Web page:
The beauty of the approach is that it's agnostic about such things. It can support your view (let's call it physical continuity) the same way it supports SSA and SIA. More precisely, you can give UDT a fixed measure of care about descendants that is 33% SSA, 33% SIA and 33% physical continuity. Then the post shows that UDT will make decisions as though it was adjusting these weights after each observation, so from the perspective of each view it will look like UDT is learning that view with high probability. That was the goal of the post - to give a crisp model of updating in favor of this or that anthropic assumption.

comment by dogiv · 2018-06-25T19:45:23.033Z · score: 2 (1 votes) · LW · GW

Thanks for posting this, it's an interesting idea.

I'm curious about your second-to-last paragraph: if our current evidence already favored SSA or SIA (for instance, if we knew that an event occurred in the past that had a small chance of creating a huge number of copies of each human, but we also know that we are not copies), wouldn't that already have been enough to update our credence in SSA or SIA? Or did you mean that there's some other category of possible observations, which is not obviously evidence one way or the other, but under this UDT framework we could still use it to make an update?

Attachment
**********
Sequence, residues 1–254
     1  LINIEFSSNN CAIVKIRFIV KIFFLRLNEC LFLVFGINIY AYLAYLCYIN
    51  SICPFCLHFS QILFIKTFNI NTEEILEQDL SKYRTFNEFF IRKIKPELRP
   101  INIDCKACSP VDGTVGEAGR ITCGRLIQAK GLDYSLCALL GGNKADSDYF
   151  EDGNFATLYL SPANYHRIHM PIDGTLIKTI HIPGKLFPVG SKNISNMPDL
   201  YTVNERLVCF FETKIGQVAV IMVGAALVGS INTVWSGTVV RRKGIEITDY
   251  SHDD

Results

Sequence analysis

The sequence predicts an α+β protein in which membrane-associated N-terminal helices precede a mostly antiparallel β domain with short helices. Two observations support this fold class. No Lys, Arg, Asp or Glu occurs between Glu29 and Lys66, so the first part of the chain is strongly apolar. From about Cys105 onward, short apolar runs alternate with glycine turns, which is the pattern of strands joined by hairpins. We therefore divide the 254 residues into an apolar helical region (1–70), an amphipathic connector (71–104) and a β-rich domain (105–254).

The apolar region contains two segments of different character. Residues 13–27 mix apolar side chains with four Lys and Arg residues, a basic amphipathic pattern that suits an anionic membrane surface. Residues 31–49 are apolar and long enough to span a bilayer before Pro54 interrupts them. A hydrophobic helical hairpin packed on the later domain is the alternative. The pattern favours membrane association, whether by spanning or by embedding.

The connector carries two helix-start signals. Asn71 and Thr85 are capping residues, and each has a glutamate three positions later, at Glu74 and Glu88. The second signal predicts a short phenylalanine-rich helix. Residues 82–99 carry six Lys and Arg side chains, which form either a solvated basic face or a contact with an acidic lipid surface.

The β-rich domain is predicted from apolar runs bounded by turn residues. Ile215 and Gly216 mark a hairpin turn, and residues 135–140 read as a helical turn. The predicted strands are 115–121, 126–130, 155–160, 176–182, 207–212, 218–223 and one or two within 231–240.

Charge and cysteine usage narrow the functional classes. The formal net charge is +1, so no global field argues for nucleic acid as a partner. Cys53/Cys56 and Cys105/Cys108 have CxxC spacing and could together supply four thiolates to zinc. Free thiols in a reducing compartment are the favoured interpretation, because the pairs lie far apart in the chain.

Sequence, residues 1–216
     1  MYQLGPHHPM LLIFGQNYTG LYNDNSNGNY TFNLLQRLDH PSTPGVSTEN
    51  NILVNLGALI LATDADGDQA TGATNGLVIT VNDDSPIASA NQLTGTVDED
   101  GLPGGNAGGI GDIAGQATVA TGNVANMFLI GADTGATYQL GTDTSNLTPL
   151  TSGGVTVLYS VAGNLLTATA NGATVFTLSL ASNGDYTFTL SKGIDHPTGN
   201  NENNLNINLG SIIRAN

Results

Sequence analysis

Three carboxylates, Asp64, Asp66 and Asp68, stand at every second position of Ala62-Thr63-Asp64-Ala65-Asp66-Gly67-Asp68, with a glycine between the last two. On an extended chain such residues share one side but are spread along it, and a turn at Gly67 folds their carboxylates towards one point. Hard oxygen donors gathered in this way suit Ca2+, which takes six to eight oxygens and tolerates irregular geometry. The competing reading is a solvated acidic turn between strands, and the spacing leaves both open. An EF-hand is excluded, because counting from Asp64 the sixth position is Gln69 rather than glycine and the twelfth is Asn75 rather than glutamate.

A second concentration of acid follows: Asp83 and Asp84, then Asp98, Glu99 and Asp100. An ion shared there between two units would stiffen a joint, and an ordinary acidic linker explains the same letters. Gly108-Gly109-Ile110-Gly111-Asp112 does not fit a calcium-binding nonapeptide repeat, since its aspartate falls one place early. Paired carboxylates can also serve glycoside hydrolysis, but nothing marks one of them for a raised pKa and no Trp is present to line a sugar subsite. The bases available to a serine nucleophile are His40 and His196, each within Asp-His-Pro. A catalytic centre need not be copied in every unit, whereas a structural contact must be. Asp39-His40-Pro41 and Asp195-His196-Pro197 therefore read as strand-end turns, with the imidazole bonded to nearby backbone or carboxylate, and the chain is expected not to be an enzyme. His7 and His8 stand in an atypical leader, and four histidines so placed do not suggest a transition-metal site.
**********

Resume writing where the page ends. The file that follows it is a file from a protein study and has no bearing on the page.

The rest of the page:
comment by cousin_it · 2018-06-25T20:39:32.020Z · score: 3 (2 votes) · LW · GW

Thank you! No, I didn't have any new kind of evidence in mind. Just a vague hope that we could use evidence to settle the question one way or the other, instead of saying it's arbitrary. Since many past events have affected the Earth's population, it seems like we should be able to find something. But I'm still very confused about this.